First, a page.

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Wednesday 19 June 2019

Assistant Commissioner leading inquiry is well respected and widely experienced

Award: Garda Assistant Commissioner John O'Driscoll. Photo: Gareth Chaney/Collins
Award: Garda Assistant Commissioner John O'Driscoll. Photo: Gareth Chaney/Collins
Tom Brady

Tom Brady

The investigation of alleged corruption by Garda members is not Assistant Commissioner John O'Driscoll's first taste of inquiring into suspected wrongdoing in the force.

Twenty eight years ago, Mr O'Driscoll was appointed to look into allegations of wrongdoing in the running of the Garda Representative Association.

This investigation was established after members of the association's central executive committee walked into Mountjoy and made complaints against other committee members.

The complaints arose at a time of internal strife in the rank and file association, which resulted in the creation of a breakaway group that became known as the Garda Federation.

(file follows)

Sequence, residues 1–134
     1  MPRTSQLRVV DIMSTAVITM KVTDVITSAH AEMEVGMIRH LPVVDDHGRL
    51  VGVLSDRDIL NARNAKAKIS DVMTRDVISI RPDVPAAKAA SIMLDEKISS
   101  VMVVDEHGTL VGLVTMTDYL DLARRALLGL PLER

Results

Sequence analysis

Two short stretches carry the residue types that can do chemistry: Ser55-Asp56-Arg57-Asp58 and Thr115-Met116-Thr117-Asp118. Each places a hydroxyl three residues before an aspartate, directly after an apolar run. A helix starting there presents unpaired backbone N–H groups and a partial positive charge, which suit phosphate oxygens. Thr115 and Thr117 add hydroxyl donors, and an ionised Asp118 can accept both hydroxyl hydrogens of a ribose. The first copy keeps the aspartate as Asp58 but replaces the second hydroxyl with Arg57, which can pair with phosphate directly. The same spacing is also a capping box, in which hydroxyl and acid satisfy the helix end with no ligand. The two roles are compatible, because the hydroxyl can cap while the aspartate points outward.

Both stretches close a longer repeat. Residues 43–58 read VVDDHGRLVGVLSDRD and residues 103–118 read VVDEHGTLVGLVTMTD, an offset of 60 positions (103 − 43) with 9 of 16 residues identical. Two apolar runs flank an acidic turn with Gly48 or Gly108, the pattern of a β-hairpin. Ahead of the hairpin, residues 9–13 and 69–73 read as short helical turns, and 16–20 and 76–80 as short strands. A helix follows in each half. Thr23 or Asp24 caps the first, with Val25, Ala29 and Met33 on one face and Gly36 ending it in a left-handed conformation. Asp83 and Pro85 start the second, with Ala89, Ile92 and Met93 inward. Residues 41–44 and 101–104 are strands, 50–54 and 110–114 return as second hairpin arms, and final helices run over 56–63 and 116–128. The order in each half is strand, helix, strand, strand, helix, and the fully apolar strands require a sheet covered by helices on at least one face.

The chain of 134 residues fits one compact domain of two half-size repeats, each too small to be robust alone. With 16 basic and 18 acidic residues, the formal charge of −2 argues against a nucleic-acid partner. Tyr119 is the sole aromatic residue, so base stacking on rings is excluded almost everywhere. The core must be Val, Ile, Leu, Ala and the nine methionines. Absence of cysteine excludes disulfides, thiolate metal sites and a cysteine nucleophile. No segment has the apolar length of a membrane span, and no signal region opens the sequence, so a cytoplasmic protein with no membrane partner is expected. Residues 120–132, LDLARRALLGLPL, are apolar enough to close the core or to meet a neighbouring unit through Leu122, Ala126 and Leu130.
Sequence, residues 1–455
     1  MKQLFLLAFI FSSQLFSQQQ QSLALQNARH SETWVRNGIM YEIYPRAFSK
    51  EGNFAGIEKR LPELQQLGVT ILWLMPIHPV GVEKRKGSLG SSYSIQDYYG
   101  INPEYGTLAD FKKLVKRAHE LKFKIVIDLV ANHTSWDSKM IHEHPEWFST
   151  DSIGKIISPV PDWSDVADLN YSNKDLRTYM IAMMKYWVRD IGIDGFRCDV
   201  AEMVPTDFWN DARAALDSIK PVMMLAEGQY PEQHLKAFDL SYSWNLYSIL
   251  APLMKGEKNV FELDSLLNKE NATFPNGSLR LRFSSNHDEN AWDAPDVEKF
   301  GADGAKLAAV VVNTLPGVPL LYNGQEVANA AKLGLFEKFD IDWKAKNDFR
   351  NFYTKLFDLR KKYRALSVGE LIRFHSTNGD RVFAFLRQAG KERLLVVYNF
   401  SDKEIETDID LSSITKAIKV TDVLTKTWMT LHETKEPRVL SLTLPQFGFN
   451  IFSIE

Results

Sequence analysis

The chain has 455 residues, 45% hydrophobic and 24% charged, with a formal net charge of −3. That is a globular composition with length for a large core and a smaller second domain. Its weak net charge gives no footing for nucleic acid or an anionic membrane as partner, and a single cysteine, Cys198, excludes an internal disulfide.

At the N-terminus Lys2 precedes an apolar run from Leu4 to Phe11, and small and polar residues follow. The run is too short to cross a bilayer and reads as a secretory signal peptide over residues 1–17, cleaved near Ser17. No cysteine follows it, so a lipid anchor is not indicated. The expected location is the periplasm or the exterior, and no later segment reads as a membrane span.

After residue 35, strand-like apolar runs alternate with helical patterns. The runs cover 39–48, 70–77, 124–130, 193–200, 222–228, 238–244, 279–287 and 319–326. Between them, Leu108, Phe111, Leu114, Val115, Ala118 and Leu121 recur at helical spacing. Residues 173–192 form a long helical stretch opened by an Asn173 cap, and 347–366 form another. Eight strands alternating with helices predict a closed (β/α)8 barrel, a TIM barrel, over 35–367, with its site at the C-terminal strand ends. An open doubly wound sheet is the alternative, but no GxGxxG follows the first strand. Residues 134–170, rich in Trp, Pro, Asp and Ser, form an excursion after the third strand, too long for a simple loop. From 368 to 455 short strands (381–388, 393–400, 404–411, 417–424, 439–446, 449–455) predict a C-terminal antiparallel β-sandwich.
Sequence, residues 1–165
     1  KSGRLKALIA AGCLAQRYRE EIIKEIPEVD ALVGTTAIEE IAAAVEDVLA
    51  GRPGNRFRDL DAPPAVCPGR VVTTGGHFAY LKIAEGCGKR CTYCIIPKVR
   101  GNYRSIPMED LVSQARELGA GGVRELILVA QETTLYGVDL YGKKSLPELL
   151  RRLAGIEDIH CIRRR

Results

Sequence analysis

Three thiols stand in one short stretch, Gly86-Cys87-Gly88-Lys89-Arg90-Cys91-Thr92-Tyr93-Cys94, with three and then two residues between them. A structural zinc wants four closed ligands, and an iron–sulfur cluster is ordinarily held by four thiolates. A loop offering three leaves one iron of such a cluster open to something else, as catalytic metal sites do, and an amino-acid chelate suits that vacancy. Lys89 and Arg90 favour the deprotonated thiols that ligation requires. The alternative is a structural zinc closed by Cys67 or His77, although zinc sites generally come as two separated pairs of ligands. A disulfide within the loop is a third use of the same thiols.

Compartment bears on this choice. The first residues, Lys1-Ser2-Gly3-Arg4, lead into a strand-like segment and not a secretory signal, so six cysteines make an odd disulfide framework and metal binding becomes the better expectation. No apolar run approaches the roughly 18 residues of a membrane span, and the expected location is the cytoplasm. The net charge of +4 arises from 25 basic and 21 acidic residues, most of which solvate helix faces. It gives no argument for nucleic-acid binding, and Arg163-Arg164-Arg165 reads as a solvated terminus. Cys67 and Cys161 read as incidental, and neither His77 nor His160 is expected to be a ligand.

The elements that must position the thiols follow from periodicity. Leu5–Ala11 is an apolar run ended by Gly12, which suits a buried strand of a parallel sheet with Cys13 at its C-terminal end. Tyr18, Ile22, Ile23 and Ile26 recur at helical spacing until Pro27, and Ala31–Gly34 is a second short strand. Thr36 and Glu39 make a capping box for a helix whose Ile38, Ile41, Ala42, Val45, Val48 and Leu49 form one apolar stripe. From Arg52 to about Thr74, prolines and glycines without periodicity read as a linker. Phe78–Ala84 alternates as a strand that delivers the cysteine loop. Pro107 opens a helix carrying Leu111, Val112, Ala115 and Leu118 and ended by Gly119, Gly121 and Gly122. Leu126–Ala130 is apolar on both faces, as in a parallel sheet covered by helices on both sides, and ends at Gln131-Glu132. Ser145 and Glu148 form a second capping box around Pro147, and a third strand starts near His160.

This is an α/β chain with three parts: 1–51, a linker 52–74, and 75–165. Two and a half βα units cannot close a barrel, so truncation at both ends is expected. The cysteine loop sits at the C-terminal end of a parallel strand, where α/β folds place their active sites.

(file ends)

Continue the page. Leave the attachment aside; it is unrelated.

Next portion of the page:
The investigation resulted in a file being sent to the DPP, who ruled that there was no evidence to warrant a criminal prosecution.

Inquiring into allegations of wrongdoing against gardaí is currently part of the brief of the National Bureau of Criminal Investigation (NBCI), one of several units that come under the command of Mr O'Driscoll as head of special crime operations. His brief also includes overall responsibility for the units dealing with drugs, fraud, and immigration.

Since he joined the force, he has built up a reputation for being a "good police officer" and widely experienced in various aspects of the job.

In 1997, a New York-based, not-for-profit organisation, comprised mainly of judges and commercial figures, awarded Mr O'Driscoll the 'law enforcement, respect for law' award in recognition of how he performed his duties.

The anti-corruption brief of the NBCI is not confined to suspected corruption in the Garda but also deals with allegations of wrongdoing against government ministers and other politicians, State officials allegedly involved in offences ranging from fisheries and beef fraud to environmental crime and irregularities in the issuing of passports.

NBCI is under the immediate control of Det Chief Supt Walter O'Sullivan, and his team will continue to investigate these allegations after the new anti-corruption unit in the Garda force is set up later this year. The new unit will focus on gathering intelligence but will leave the investigations with NBCI before an assessment is made next year on whether its role should be expanded.

Irish Independent

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